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Rally in solidarity with Taksim in Berlin's Kreuzberg neighborhood.
Rally in solidarity with Taksim in Berlin's Kreuzberg neighborhood.
Til Biermann

BERLIN - At the end of Oranienstrasse in the Berlin borough of Friedrichshain-Kreuzberg, Gürkan runs a tailor shop. The 41-year-old conservative Muslim, of Turkish origins, is all for Prime Minister Recep Tayyip Erdogan"s taking a hard-line stance against demonstrators in Turkey, who began their protests over development plans in central Istanbul's Gezi park.

"He has made Istanbul a lot greener," Gürkan says of Turkey's Prime Minister and former mayor of the country's largest city. "And when Koç University cut down 80,000 trees there wasn’t a peep out of anybody!"

For days the brutal unrest in and around Istanbul’s Taksim Square has been making world headlines. But what do the three million Germans of Turkish origin make of the protests in Turkey? Gürkan lives in the heart of the Turkish community in Germany: Berlin-Kreuzberg. And he believes the demonstrators are vandals and anarchists.

"These people are not democratic," he says.

A kilometer away, on Oranienplatz, Erhan sells Turkish specialties at a kebab stand. He says that when Erdogan first came into office, he did a lot of positive things, but that now many people are disappointed that he hasn't delivered on promises to make Turkey more open. "But for example he called the demonstrators çapulçu – stupid peasants – and that didn’t go down well at all."

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Demonstration in Kreuzberg - Photo: Montecruz Foto

A few meters away, shaven-headed Selçuk, clad in a Jamaica soccer jersey, stands waiting for the bus. The 25-year-old, who is unemployed, gets irritated when asked about the demonstrations in Turkey. "It’s all media propaganda! They want to see an "Arab Spring" situation down there. It’s ridiculous, the whole thing’s about a park, what the hell for?" he says as the bus pulls up and he boards.

Days of kings

Doran, a 40-year-old newsstand owner, doesn’t share that opinion. "Erdogan is a dictator, we need to get him out of office," he says.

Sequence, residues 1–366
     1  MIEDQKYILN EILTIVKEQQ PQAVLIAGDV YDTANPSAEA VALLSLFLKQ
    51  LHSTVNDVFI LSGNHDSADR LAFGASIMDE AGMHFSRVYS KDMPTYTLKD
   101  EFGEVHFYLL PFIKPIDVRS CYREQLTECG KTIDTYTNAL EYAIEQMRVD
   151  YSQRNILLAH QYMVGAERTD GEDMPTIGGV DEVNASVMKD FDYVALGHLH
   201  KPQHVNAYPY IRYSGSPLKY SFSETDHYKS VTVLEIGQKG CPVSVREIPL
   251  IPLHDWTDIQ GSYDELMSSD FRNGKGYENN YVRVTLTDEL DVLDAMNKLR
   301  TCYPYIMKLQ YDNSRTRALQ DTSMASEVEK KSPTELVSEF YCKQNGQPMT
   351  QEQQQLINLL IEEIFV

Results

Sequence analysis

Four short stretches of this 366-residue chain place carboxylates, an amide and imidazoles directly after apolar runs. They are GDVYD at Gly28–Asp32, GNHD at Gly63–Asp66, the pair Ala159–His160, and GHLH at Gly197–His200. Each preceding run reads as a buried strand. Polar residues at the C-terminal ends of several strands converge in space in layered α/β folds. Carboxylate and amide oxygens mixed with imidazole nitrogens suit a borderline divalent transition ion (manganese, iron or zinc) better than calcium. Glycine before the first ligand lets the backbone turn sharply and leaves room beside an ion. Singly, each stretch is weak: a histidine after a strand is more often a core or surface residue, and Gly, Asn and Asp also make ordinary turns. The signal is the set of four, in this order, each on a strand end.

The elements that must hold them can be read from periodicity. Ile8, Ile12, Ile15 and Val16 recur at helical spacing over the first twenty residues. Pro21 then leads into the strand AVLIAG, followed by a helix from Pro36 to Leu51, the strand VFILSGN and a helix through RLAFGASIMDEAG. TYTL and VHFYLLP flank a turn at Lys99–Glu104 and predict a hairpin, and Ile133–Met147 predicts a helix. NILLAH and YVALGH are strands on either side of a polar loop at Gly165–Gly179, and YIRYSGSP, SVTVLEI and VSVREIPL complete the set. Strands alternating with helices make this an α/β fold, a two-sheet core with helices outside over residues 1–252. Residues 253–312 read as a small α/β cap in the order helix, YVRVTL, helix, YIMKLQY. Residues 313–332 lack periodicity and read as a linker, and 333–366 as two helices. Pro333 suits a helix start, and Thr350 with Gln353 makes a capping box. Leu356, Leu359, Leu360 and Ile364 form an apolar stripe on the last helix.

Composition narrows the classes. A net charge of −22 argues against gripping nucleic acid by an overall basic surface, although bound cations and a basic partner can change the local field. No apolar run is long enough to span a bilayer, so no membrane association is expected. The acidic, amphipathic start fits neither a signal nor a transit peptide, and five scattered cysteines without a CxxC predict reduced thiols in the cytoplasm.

He says Turkey's "days of kings are over," and doesn't believe the Prime Minister's pious proclamations are even sincere. "It’s all an act," Doran says. "The man doesn’t have a heart."

Standing in front of Doran’s kiosk are Gamze and Hilal, 16 and 17 years old. The girls are high school students, and bit more circumspect about what’s going on. "I didn’t have anything against Erdogan, but he’s gone too far. Now it's not about trees anymore; it's about toppling Erdogan," says Gamze.

Hilal believes, however, "that there is the question of what comes afterwards." Erdogan did a lot for the economy, "but now he’s ruined everything." The girls add that being for or against Erdogan is, they believe, to some extent a generational conflict.

Some of those questioned tried to skirt the issue. "I’m happy to be in Berlin. Things are bad down there but I need to focus on my life here," says 19-year-old Aslanid, a student and freelance photographer.

On Adalbertstrasse, taxi driver Hüseyin is leaning against his car. The heavy-set 38-year-old is very interested in politics. "Erdogan is a fundamentalist, an Islamist who wants to introduce Sharia law," he says. So the demonstrations are really about saving secularism.

"Taskim was just the last straw," says Hüseyin. "It’s unconstitutional. They should ride around on camels if they want things to be the way they were back in the days of the Prophet. The Prophet was more advanced than these people are."

Café Kotti at Kottbusser Tor is where Turkish intellectuals meet. Journalist Mehmet Uluisik is sitting at a table enjoying the warmth of a midday sun streaming through the window and sipping a Weissbier (white beer). "As an atheist I’m of two minds," says the 54-year-old. "I was for Erdogan’s AKP party and against the Kemalist military dictatorship."

But things have changed now. Erdogan’s attitude and manner are dictatorial, he says: "He issues rules about how I’m supposed to dress, how I’m supposed to behave, how I’m supposed to eat."

The deputy head of the Turkish community in Germany, Hilmi Kaya Turan, is also here. The 52-year-old says cautiously: "That little green space on Taksim Square was a welcome pretext for many young people to vent their anger at Erdogan."

Turan just spent nine days in Istanbul: "These are not anarchists. After demonstrations they even cleaned up after themselves, picked up cigarette butts -- and they held vandals back," he says. Turan says he hopes that Erdogan will "find the path towards dialogue."

On a nearby square in the Turkish heart of Berlin, some protesters have erected a tent from on which floats a banner that reads "Taksim is everywhere!". Süheyla, a 22-year-old student, is painting posters. She says: "This is pure facism. You can compare Erdogan with Hitler. Some people here side with him, but about 80% of all the Turks in Kreuzberg are against him."

Denis sits in the sun a few meters away. The 25-year-old student says that the new limits on alcohol risk being only the beginning of an imposition of piety on the population. "That’s why they’re protesting," he says. "The Turks were never very religious. Erdogan’s approach isn’t relevant. Turkey is a secular country."

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